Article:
The allure of Jerusalem

Jerusalem beckons because it's the focal point of Judaism spiritually and practically, which is the reason why so many Jews want to make it their home.

room 311 (photo credit: Courtesy)
room 311
(photo credit: Courtesy)
Jerusalem is a holy city, which explains in part why it is so much in demand. It is also a beautiful and renowned city that is holy to the world’s three major monotheistic religions. In the past 60 years it has grown to be the largest city in Israel with a population of 770,000.
This edition of Real Estate is being published on the eve of Succot. In ancient times during the Israelite and Judean periods, this was the time when the faithful went to Jerusalem to pray in the Temple.
Today, a few thousand years later, the faithful still go to Jerusalem from the four corners of the world. For some, it is an opportunity to explore the possibilities of settling in the Holy Land in general and Jerusalem in particular.
Jerusalem beckons because it is the focal point of Judaism both spiritually and practically, which is the reason why so many Jews the world over want to make it their home.
So what does Jerusalem offer newcomers? Jerusalem is not one city but three. It is one urban entity, but there are three different communities and they do not mix. There is the Jerusalem of the ultra Orthodox, Jerusalem of the secular community, and Jerusalem of the Arab population.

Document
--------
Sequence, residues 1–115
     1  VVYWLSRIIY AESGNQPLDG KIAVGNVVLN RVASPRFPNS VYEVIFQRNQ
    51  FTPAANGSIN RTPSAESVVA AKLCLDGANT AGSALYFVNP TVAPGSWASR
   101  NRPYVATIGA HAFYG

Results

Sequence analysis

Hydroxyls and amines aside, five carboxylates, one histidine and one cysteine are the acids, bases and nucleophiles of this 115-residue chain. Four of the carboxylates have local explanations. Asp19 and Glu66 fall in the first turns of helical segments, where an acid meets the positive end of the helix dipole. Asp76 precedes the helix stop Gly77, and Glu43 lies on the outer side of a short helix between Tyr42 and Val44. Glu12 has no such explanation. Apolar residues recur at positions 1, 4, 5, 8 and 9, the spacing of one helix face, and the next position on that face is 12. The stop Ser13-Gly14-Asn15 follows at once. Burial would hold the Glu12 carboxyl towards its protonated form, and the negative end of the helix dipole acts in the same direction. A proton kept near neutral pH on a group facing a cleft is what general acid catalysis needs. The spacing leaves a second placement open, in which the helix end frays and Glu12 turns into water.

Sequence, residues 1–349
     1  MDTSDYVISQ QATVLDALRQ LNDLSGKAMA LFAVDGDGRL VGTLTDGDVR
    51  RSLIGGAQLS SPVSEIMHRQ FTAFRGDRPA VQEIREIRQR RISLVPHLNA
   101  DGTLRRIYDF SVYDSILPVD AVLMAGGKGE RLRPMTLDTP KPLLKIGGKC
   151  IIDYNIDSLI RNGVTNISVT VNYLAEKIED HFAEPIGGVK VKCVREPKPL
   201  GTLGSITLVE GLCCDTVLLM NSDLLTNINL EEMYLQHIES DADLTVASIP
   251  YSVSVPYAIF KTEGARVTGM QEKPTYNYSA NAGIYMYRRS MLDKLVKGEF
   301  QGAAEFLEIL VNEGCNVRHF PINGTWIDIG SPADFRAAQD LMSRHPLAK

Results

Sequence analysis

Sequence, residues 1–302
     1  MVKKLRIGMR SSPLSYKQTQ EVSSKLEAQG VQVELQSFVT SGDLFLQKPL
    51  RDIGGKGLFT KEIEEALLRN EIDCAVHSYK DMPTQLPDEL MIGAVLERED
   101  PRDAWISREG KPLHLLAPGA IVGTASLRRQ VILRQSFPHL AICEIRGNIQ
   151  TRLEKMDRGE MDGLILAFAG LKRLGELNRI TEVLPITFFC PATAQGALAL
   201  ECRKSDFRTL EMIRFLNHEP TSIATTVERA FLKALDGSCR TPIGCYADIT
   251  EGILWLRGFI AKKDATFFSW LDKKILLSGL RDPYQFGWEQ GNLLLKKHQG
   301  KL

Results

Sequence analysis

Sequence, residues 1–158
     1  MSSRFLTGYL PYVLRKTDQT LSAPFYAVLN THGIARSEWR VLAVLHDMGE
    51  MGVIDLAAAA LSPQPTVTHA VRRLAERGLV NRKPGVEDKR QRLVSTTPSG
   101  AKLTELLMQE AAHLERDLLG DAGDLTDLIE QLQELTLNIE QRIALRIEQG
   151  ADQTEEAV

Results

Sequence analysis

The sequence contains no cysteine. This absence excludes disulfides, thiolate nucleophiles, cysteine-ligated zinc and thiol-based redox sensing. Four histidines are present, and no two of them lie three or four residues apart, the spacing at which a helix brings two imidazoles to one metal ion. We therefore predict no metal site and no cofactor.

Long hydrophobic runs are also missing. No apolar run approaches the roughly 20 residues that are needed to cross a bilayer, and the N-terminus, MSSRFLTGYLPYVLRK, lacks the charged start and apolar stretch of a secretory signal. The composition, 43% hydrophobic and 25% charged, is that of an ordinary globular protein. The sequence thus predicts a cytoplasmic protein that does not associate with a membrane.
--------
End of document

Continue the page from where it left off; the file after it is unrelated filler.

Within secular Jerusalem there are differences, but these are not cultural or communal -- they are financial. There are expensive areas and less expensive areas. The ultra Orthodox do not want to live in a secular neighborhood; there is no mobility between these two communities.
In the secular neighborhood it is all a question of money. If you can afford a house on the expensive King David Street and you want to live there, you buy an apartment, move in and that is the end of the matter.
The most expensive part of Jerusalem is an area of one or two square miles, with its epicenter at the King David Hotel. It is very much in demand by overseas buyers with very deep pockets mainly because of its proximity to the Old City and all that it signifies. Prices range from $10,000 to $20,000 per square meter. In this area there is only a sprinkling of local buyers because they have been outpriced.
Demand for these apartments has declined in the wake of the economic global downturn, but with the improving economic situation, demand is rising once more. Nevertheless, despite the fall in demand, prices have held steady because there have been no substantial housing starts in these areas.
Out of a total population of 770,000 in Jerusalem, some 200,000 are ultra Orthodox and another 200,000 are Arabs.